Northern Scotland, ScotlandArea:
142.00 Hectares / 350.88 Acres
Offers over £485,000Status:
- A mixed commercial forest with a significant volume of maturing timber.
- Located within an area of outstanding beauty, surrounded by unique upland habitat.
- Challenging deer stalking with some excellent fishing nearby.
Raphan Forest is located in a stunningly beautiful part of Caithness in the north of Scotland and situated east of the small settlement of Forsinard. The area is best known for its wild scenery, important Peatland habitat and its challenging deer stalking and fishing.
The nearest railway station is conveniently located at Altnabreac, just 1 mile from the forest and the A897 Forsinard to Melvich public road is reached via a 9 mile section of shared private road.
The forest was established in stages between 1985 – 1987 on moorland as part of a much larger and extensive commercial forest complex, now known as Strathmore Forest.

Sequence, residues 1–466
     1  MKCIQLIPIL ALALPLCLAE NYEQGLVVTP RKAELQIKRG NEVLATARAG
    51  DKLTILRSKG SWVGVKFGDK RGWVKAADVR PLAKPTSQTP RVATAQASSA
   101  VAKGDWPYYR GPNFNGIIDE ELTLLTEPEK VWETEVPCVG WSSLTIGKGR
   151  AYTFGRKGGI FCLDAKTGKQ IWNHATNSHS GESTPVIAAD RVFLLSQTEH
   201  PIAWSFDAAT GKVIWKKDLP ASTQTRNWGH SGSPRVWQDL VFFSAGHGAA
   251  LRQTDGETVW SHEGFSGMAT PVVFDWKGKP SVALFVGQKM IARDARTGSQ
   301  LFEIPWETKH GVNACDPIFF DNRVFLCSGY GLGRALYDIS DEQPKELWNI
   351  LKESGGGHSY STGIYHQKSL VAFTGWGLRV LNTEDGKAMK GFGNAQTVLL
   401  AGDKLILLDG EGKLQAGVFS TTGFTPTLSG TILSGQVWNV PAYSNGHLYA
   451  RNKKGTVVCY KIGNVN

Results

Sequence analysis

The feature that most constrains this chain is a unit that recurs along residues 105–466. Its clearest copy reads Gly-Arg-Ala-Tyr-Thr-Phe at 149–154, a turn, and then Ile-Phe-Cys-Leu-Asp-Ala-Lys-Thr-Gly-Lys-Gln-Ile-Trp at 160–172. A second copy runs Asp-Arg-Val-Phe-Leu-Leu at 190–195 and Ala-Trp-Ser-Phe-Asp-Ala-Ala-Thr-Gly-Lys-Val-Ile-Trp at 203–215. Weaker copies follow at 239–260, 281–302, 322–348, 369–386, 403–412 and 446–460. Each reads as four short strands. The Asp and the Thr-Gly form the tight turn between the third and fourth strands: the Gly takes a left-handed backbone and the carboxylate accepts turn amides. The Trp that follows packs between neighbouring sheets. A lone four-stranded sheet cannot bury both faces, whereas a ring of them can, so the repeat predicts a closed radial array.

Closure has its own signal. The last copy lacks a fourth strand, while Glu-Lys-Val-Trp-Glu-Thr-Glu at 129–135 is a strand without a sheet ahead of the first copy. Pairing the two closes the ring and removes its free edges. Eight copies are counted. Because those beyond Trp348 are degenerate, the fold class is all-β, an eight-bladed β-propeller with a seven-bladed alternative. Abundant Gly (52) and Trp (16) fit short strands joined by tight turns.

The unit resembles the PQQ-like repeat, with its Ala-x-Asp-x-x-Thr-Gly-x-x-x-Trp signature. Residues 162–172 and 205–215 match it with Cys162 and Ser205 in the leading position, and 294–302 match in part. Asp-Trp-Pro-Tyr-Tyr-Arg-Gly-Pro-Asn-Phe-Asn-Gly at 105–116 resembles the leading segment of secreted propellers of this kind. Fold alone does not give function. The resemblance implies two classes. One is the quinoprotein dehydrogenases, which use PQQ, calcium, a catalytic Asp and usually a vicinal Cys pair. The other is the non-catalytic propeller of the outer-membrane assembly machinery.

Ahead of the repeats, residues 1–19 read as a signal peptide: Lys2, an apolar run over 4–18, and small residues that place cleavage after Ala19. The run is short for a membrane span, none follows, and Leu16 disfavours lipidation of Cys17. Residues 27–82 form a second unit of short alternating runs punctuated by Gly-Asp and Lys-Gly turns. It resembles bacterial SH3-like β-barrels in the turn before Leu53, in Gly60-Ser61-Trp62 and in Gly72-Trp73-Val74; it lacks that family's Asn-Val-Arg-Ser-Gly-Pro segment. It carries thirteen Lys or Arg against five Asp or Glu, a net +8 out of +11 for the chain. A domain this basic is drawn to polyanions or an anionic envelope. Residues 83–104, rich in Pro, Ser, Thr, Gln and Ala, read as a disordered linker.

Raphan was planted with a self-thinning intimate mix of Sitka spruce and Lodgepole pine which has established well on the underlying mix of peaty podzol, gleys and Peatland, resulting in an average Yield Class of 14 in the Sitka spruce and Yield Class 8 in the Lodgepole pine.
Timber harvesting can be anticipated to commence from 2030 onwards with harvesting of the most mature compartments followed by gradual removal of the entire crop as it reaches financial maturity. A good forest access road formation extends along part of the top edge of the forest which will facilitate timber extraction in future.
Due to the presence of the Forsinard Flows National Nature Reserve and the Special Protection Area that surrounds the forest, Scottish Forestry and their consultees have advised that they would prefer that no replanting takes place following felling of the current crop in Raphan. This is due to the edge effect the forest creates and its impact on threatened moorland bird species found in this area. The forests adjoining Raphan to the north and south have been felled by the owners (RSPB) to restore the underlying natural habitat.
This presents a unique opportunity to invest in a substantial area of maturing timber as a cash crop with the potential for an owner to consider reducing their carbon footprint through the supply of timber and thereafter restore moorland and Peatland habitat. Some of the drained Peatland may be eligible for grant funding through Nature Scotland’s Peatland Action Scheme.
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